Dog in CuencaStreet dogs are uncommon in downtown (El Centro) Cuenca but become more prevalent as you get into the outlying areas.  Still, there are not as many as we encountered in Cotacachi, Ecuador, until you get to the outer areas of Cuenca.  In our area of Cuenca, Rio Amarillo, it seems like everyone has a dog, either running loose on the street, or captive behind a fenced or gated yard.  

Rio Amarillo is a barrio about two miles west of El Centro.  There is a mix of really nice houses and some plain ones.  It’s a very mixed income neighborhood, but a very nice one.  There are lots of dogs here.

Many people in Cuenca seem to own dogs for one reason…property protection.   For a majority, they are not pets, companions, or “furry friends” here.  Some live on the street or sidewalk in front of businesses, some wander the street in front of their homes, and others are kept behind fenced in areas.  Yet others are staked or chained near the property they are there to protect.  The neighbor behind us has a dog on a two foot rope, with a doghouse, near their guinea pig pens.  Since there are stray cats in the area, we assume his sole purpose is to protect the guinea pigs from the cats.  The guinea pigs here are food for the household.  That dog has no freedom. 

It’s unusual to see an Ecuadorian walking a dog on a leash but we have seen a few.  When we walk ours down the streets, the street dogs and the ones behind the gates go berserk barking and growling.  When we take a walk without our dog, the other dogs don’t bother us. I’m guessing it’s a territorial thing.  

Many of the dogs we’ve encountered, both on the street and behind fences, look like they could use a bath.  I’ve heard that most people never bathe their dogs in their lives. Some of them are downright mean, while others try to look mean, but you know they are just posing.  I learned not to reach out to pet any of them, especially the raggedy poodles.  Dirty, mean little nippers they are – most that we’ve seen. Again, most of the dogs seem unbothered by us, unless we have our dog with us. 

It is painful to see how badly many dogs are treated around here.   A dog can be a wonderful friend and companion if treated properly, and can and will still protect property if needed.  Some locals don’t see this.  They show little to no compassion for dogs and because the dogs are taught to be mean and aggressive, many are afraid of dogs.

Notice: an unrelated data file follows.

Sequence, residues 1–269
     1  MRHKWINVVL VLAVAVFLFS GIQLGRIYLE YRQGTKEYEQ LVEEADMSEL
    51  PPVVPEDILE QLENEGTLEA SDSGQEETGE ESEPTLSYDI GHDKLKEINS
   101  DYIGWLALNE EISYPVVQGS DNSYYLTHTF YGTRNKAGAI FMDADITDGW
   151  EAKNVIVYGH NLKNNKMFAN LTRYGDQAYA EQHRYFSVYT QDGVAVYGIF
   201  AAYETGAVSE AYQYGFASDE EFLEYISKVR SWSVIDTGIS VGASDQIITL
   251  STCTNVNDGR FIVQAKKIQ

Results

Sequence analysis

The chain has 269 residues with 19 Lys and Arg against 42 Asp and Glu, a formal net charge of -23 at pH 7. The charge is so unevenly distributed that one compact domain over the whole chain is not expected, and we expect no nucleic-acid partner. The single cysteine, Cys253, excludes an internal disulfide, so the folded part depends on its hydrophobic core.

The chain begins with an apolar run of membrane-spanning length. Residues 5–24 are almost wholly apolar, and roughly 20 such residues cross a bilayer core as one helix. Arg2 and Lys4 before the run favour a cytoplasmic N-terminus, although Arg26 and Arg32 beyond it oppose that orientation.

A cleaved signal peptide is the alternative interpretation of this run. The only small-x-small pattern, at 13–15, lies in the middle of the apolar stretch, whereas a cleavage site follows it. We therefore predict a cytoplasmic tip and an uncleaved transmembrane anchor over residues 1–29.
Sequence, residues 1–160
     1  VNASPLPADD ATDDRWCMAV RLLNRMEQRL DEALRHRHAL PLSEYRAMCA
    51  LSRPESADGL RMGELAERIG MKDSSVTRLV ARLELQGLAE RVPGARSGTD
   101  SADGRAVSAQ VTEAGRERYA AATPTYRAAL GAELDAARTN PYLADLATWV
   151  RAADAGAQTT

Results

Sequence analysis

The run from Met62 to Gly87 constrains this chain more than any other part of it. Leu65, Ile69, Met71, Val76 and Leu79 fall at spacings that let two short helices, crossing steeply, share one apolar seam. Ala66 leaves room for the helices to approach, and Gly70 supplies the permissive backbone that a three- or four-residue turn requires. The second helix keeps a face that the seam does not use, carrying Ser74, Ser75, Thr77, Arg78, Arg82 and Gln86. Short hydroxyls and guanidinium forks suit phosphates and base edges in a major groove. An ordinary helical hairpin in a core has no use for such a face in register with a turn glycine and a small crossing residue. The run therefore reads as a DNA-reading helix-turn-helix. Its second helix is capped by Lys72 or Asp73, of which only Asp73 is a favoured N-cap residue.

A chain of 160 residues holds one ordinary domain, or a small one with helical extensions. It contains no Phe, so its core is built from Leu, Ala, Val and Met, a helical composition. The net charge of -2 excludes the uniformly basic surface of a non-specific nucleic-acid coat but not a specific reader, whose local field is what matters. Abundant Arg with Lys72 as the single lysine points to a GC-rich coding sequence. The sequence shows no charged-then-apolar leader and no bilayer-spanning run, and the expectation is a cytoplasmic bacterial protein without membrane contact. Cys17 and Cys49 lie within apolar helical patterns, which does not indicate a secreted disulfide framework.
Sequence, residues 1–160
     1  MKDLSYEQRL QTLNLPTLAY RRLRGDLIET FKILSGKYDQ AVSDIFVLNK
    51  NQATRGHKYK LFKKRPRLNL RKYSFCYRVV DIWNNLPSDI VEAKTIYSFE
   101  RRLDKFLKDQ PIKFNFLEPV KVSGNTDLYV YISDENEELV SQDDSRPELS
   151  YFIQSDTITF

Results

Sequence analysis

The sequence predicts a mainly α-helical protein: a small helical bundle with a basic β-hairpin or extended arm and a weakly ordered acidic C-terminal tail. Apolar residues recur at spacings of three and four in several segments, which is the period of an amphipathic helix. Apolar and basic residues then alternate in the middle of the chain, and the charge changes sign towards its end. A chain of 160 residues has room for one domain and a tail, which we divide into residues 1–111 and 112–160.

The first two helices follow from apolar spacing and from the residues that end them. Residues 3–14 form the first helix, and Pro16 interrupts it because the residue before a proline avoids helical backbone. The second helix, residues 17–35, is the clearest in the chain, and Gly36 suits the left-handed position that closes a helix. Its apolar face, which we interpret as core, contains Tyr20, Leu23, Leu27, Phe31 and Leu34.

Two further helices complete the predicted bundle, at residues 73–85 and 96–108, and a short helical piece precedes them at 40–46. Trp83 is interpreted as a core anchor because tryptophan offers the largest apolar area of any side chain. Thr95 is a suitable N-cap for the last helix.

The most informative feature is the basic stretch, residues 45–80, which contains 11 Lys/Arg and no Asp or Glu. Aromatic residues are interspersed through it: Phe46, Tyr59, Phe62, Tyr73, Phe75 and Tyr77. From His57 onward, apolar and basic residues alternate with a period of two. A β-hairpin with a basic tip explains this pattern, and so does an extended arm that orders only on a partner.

We have a loving, very friendly dog who likes to meet people.  When we walk her here, people avoid us out of fear they will be bitten.  Many are surprised and pleased that Star, our dog, is so loving and friendly.  Many Ecuadorians are amazed at how well trained and behaved she is.  At our hostel in Quito, the staff fell in love with her, and even all had their pictures taken with her before we left.  Star was a star to them.

As more gringos move in with their dogs and more locals see that there is another way to live with them, things should change for the better.  I acknowledge that the reason many dogs go uncared for is because it takes every penny for many locals to just feed their families, and pets need to be low on the priority list.  I also will note that many of the dogs on the street are very friendly and street smart.  Most dogs brought from the US would never survive the way these savvy dogs do, after years of cushy treatment.  

There is a reason for the way things are done in every culture and we acknowledge, that while we may not like the way some of these dogs are treated, this is the native culture and it is not our place to judge.  We will continue to treat our own dog and the friendly dogs we meet with love and compassion and maybe that example will be seen and followed by others.  

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